WASHINGTON — Kate Carey, vice president for federal government relations at the Property Casualty Insurers Association of America (PCI) issued the following statement commending the House Energy and Commerce Subcommittee for holding today’s hearing entitled, “Examining Drug-Impaired Driving.”
“Vehicle crashes continue to rise across the country and driving under the influence of marijuana is thought to be a factor contributing to this alarming trend,” said Carey.
Twenty-nine states and the District of Columbia currently have laws legalizing marijuana in some form (medical and or recreational). According to a survey of over 1,000 U.S. adults, conducted online by SurveyMonkey on behalf of PCI, 20% of Americans say they have driven a car under the influence of marijuana, with 82% of those who have driven under the influence of marijuana admitting they drove either immediately or within two hours of using the drug.
“While these laws allow for the use of marijuana, driving high is illegal. Evidence shows that marijuana use can impair critical abilities necessary for safe driving, such as divided attention, slow reaction time, lane tracking, and cognitive and executive functions,” continued Carey.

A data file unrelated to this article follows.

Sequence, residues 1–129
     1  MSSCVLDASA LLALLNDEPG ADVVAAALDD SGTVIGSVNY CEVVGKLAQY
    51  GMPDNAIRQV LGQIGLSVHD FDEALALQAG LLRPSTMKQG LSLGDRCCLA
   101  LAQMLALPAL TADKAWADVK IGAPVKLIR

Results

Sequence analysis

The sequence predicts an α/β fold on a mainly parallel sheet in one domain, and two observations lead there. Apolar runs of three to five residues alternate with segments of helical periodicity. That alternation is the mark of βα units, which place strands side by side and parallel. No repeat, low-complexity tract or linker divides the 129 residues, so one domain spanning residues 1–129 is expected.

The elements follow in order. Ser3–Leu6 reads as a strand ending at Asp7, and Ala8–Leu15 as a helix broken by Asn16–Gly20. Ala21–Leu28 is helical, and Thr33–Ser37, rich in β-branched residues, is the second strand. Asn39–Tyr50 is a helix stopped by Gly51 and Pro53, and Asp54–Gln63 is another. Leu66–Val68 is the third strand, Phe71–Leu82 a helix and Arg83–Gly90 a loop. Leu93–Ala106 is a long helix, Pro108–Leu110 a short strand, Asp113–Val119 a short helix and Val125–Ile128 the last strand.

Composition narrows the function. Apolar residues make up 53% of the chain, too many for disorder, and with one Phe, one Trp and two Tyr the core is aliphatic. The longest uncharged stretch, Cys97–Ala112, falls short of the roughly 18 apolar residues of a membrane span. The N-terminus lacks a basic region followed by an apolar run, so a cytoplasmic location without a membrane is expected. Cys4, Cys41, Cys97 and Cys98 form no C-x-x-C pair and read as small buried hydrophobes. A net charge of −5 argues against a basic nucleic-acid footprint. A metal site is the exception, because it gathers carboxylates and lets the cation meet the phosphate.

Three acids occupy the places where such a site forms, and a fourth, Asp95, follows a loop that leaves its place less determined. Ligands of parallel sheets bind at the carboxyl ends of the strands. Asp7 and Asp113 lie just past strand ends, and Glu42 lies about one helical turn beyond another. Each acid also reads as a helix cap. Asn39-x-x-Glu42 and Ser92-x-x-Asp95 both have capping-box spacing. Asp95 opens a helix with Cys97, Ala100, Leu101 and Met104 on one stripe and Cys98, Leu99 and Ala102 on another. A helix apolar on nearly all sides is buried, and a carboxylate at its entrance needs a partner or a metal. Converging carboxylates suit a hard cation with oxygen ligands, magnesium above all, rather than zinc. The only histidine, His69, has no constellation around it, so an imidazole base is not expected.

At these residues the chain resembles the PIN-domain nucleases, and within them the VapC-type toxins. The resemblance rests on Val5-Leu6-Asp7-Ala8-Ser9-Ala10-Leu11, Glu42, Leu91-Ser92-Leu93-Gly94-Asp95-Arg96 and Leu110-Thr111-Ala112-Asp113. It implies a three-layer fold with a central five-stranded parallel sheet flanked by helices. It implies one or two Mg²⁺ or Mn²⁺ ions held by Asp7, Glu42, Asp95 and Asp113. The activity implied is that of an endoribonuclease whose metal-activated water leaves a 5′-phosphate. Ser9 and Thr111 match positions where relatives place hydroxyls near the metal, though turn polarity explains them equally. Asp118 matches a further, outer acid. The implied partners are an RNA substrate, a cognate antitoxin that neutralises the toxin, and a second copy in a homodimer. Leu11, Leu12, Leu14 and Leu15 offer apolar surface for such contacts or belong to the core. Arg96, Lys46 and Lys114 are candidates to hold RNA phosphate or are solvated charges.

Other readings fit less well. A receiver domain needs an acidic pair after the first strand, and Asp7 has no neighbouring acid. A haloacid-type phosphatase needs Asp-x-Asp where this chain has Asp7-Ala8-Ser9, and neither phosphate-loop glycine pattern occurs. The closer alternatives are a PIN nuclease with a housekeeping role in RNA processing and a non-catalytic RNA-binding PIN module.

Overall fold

A new report from the Governors Highway Safety Association found that among the fatally-injured drivers who tested positive for drugs in 2016, 38% tested positive for some form of marijuana. Additionally, the report also analyzed a 2017 study finding that while marijuana related THC dissipates quickly in the bloodstream, the marijuana high and related driving performance impairment linger for much longer.
“Driving under the influence of marijuana should be viewed with the same risks as drunk or distracted driving. When you’re high, it can impair your judgement, motor coordination, and reaction time. We need more research, public awareness, and better public policy to address marijuana impairment and testing standards to make our roads safer,” concluded Carey.